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LittleBears Suck
01-31-2004, 09:31 PM
Bases loaded, no outs. Batter hits a deep fly to right field, runners tag up. Right fielder throws for the plate, but the throw is cut off the nail the runner trying to take second. The throw to second, however, is bobbled, and heads to center field. The runner who was on second realizes this, and then heads home.

The umpire deems, however, that the runner who was on third left early for home, that is, he did not properly tag up. What is the ruling?

Is a throw to third necessary to get out the original runner? Is the runner who was on second out for "passing" the runner in front of him on the basepaths? If so, can the runner who was on first and went for second be called out if he goes for third?

Daver
01-31-2004, 09:46 PM
You should be able to find your answer here. (http://mlb.mlb.com/NASApp/mlb/mlb/official_info/official_rules/runner_7.jsp)

:bandance:

Brian26
01-31-2004, 09:47 PM
Without having the rulebook in front of me, I'll give this a try.

I think the pitcher would have to step off the rubber and appeal to third base before he made the first pitch to the next batter. The runner on third would be called out (if he indeed left early), and the other two runners would return to their original bases (1st and 2nd).

That's my guess. Good question....curious what other people think.

WinningUgly!
01-31-2004, 09:50 PM
Unless two are out, the status of a following runner is not affected by a preceding runner's failure to touch or retouch a base. If, upon appeal, the preceding runner is the third out, no runners following him shall score.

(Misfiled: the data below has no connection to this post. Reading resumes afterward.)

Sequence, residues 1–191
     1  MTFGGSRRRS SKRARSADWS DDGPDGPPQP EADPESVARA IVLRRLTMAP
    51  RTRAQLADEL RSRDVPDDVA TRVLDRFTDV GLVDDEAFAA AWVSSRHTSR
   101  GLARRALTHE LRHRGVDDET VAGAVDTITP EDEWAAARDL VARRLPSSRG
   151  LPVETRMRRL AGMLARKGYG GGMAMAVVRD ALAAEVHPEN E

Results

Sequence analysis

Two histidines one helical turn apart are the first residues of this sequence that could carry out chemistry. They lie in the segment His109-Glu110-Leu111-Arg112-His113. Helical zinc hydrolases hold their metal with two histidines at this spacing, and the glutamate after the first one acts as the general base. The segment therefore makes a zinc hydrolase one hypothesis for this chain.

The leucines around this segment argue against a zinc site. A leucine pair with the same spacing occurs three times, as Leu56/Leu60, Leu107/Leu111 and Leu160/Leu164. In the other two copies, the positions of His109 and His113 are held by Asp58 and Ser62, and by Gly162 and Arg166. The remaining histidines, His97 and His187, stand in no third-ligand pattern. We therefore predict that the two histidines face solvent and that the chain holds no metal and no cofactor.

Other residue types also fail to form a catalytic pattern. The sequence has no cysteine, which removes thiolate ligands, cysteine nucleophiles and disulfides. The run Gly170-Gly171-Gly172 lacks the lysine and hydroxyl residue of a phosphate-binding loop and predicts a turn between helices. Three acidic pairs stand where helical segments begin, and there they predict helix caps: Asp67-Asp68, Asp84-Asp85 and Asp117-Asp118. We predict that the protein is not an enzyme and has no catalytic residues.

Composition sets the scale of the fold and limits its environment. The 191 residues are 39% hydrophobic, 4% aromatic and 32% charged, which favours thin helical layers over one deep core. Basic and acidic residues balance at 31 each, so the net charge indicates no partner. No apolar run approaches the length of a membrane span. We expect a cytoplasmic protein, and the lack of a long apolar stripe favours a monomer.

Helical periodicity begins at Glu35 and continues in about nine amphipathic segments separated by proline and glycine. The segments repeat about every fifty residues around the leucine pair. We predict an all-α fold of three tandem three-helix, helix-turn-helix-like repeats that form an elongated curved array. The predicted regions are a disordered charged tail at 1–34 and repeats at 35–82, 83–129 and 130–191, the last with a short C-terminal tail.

poorme
01-31-2004, 09:50 PM
Originally posted by Brian26
Without having the rulebook in front of me, I'll give this a try.

I think the pitcher would have to step off the rubber and appeal to third base before he made the first pitch to the next batter. The runner on third would be called out (if he indeed left early), and the other two runners would return to their original bases (1st and 2nd).

That's my guess. Good question....curious what other people think.

I think you are correct except I believe the following runners would be allowed to advance.

voodoochile
01-31-2004, 09:51 PM
I think that the runner on third is out everyone else stays where they are. But, I admit that I am guessing...

Brian26
01-31-2004, 09:53 PM
Originally posted by WinningUgly!
Unless two are out, the status of a following runner is not affected by a preceding runner's failure to touch or retouch a base. If, upon appeal, the preceding runner is the third out, no runners following him shall score.

So, if I'm interpreting this correctly, this means the runner on 2nd can score as long as the appealed out at 3rd base isn't the final out of the inning?

WinningUgly!
01-31-2004, 09:54 PM
Originally posted by Brian26
So, if I'm interpreting this correctly, this means the runner on 2nd can score as long as the appealed out at 3rd base isn't the final out of the inning?

I believe so.

Brian26
01-31-2004, 09:58 PM
Talk about dry reading though. That rulebook makes George Will's writing look exciting.

voodoochile
01-31-2004, 09:59 PM
Originally posted by WinningUgly!
I believe so.

I can vouch for the third out part of it. It would be a force out and would supercede any runs scored.

WinningUgly!
01-31-2004, 10:00 PM